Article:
And then the larger effort would probably be on other issues that are probably very important, but a much broader set of issues that may address problems that probably didn't make the threshold of the first report. And again, as I said, we're looking at late this summer as we pull that together.

And again, certainly, you know, we continue to collect information and we continue to do interviews with key players as things play out.

Nash: The exchange of information is very critical. Six and 7 May General Cone convened a meeting of the service reps, where exchange of tactical lessons learned was made as well as operational level. So the exchange of information among the services and the regional combatant commanders is ongoing as we sit here today.

Cone: Just if I could talk a little on the 6th and 7th, I think that that was an excellent session we hosted in Qatar. U.S. Central Command co-hosted it with U.S. Joint Forces Command. All the services were represented with their lessons learned team in theater. We work with the service lessons learned teams on a daily basis. In many cases we're in the same general headquarters area and clearly exchanged information with them as relevant in terms of data that they have. And again, services in many cases have good access to some information that we don't have. And so we've got an excellent and cooperative relationship with the services as they did their lessons learned collection efforts.

Q: General, Thelma LeBrecht with Associated Press Broadcast. I wonder if you could say how much time you might have devoted to the issue of friendly fire incidents and how many people were devoted to that, and are your hands tied in any way on what you might recommend? In other words, can you recommend that not enough money was spent on this in the past gulf war? Are you hands tied in any way, and how time did you spend on that?

Nash: First, all members of the team were associated with this area to make sure we gained the lessons, we gained observations, we gained information from the highest operational level at the CENTCOM headquarters down to the tactical levels, where the services gained information. This is being assimilated and put together to provide some modifications or observations to tactics, techniques and procedures for future conflicts.

Cone: I think -- first of all, we have pretty much -- I mean, we've been focused at the operational level of war. We are vetting recommendations now. I would say that where we need to make appropriate recommendations they'll be made. I'll leave it at that.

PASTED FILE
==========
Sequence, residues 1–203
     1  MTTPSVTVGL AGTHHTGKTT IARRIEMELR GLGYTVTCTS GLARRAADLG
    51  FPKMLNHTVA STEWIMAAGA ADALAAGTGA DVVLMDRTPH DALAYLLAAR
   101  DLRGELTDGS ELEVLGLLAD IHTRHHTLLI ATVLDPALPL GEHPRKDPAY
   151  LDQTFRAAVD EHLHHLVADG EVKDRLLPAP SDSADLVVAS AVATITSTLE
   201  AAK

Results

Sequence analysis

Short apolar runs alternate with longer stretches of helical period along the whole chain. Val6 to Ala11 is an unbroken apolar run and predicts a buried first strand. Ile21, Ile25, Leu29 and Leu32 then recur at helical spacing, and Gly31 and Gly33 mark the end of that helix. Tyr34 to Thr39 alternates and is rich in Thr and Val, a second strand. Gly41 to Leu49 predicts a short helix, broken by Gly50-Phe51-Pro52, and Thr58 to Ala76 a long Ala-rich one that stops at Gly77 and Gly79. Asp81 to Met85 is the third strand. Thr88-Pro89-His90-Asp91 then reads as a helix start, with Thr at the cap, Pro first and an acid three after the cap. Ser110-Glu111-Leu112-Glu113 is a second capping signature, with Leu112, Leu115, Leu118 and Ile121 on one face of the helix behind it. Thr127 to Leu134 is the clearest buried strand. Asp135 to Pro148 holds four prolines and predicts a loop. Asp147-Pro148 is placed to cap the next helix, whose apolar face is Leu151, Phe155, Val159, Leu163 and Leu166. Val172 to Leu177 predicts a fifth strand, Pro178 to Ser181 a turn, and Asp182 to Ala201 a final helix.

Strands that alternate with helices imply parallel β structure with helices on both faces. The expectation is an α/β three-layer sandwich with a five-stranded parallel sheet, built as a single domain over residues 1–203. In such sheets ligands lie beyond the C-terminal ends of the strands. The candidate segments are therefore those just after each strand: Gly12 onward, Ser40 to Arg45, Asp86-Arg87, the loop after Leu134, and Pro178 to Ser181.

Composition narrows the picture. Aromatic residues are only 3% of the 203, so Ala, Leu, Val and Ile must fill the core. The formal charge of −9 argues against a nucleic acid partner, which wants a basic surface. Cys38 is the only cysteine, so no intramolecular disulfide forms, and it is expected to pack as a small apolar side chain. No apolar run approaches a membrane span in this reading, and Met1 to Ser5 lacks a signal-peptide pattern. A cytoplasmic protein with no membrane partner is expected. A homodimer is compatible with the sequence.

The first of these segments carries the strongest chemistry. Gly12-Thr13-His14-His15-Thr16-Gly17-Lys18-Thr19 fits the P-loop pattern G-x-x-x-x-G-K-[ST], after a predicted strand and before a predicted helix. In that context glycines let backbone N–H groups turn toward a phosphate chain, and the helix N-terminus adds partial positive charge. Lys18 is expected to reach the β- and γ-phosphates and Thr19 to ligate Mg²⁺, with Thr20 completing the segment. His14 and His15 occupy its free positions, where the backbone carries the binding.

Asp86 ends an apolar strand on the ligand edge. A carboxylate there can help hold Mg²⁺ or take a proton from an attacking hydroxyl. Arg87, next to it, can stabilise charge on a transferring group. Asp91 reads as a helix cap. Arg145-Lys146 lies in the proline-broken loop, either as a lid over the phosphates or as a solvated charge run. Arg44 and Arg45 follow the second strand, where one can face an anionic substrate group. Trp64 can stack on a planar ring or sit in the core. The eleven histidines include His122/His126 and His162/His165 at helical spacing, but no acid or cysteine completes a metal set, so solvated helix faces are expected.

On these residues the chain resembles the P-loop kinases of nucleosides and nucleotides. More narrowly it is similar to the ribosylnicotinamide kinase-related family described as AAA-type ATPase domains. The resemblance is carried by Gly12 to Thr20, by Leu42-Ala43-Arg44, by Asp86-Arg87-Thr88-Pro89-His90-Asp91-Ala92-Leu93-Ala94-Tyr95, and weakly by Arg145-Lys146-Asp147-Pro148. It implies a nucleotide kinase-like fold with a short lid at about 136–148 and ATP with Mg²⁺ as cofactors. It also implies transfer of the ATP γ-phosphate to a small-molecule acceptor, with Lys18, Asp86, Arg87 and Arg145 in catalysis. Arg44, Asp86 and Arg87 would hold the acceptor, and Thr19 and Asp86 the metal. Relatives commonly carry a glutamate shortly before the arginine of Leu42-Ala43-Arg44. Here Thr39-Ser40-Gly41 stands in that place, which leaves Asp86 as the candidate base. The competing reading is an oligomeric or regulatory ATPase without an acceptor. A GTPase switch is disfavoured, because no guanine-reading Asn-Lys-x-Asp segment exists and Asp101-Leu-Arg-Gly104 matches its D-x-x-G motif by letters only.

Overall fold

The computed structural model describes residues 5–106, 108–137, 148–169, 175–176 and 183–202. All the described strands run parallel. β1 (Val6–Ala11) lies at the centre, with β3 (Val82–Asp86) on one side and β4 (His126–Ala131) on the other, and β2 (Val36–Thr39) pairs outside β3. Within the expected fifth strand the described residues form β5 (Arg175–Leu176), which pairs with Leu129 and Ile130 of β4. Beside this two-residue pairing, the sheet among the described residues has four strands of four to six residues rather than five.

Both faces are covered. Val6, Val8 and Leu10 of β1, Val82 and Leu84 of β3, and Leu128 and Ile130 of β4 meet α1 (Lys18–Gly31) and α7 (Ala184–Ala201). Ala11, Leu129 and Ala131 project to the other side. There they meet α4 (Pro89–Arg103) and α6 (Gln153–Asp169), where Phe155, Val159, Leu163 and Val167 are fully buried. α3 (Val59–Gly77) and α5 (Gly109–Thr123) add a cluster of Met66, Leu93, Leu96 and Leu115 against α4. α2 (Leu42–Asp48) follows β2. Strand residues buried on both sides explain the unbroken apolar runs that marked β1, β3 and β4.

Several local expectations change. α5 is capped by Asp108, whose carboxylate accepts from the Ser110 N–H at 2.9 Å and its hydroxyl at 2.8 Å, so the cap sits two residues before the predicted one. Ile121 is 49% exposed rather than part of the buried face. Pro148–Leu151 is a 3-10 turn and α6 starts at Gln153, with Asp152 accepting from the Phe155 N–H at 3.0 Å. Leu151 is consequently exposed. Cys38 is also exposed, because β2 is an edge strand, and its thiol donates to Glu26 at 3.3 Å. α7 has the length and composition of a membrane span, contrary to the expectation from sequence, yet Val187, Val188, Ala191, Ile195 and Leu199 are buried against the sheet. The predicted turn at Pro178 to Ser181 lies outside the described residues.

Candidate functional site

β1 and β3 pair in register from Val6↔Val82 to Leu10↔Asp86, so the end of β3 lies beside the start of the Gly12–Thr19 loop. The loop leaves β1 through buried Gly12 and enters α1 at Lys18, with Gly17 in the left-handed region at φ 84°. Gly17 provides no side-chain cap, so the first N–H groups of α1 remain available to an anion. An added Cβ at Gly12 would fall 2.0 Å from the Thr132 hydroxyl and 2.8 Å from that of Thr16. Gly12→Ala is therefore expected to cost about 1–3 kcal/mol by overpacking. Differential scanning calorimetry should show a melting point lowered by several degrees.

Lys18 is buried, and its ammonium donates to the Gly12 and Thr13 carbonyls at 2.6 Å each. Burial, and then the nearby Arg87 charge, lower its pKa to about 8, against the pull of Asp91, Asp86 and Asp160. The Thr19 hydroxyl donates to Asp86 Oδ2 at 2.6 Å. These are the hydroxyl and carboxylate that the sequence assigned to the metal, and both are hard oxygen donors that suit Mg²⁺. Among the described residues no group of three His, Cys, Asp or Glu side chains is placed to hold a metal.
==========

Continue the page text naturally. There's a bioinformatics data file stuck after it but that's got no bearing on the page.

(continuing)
Q: This is Will Dunham with Reuters. Can you tell me, are you guys looking at whether intelligence provided before the war about Iraqi weapons of mass destruction turned out to be accurate or good intelligence? And if so, in what ways are you looking at that?

Nash: We are looking at all aspects of this Operation Iraqi Freedom, at all levels, to ensure we do better, or our young men and women in uniform have the greatest opportunity for success on the battlefield in the future.

Q: Gentlemen, it's Pam Hess from United Press International again. I have two questions.

The Joint National Training Capability you talked about, was that in the works prior to this, or was that a result of some lessons learned that you all picked up? And could you describe it a little bit, how it's different from, say, the Joint National Training Center? I haven't heard of it.

And also, could you give us one or two examples of the quick wins that you put out there that were incorporated and used by General Franks?

Nash: Well, the Joint National Training Capability was first born as the Joint National Training Center, so you are right on both cases. But the name, if you get in the SecDef's presence, it's probably Joint National Training Capability, if you want to get invited back for a second brief.

It is a great opportunity, in which we will identify gaps and seams from both the strategic level down to the operational level. These should be horizontal gaps and seams. Also, gaps and seams from the operational level down to the tactical level. On the tactical level, there could even be gaps and seams between our great services. No one fights better and has stronger core competencies from each service, but at times, because of differences in equipment, differences in tactics, techniques and procedures, there can be some small gaps and seams that can be enhanced through elimination.

You know, when I started out as a young lieutenant, we worried about deconflicting. The Marines stayed on one side, the Army stayed on one side, the coalition forces stayed on one side. Well, we've done better to integrate these forces. And in the future, through the training to the development of tactics, techniques and procedures through the Joint National Training Capability, we want to no longer even have to integrate; we want to be totally one battle that combines both our service core competencies, the contributions of our civilian and military agencies, and we've got to look at it from a multinational coalition perspective, as well.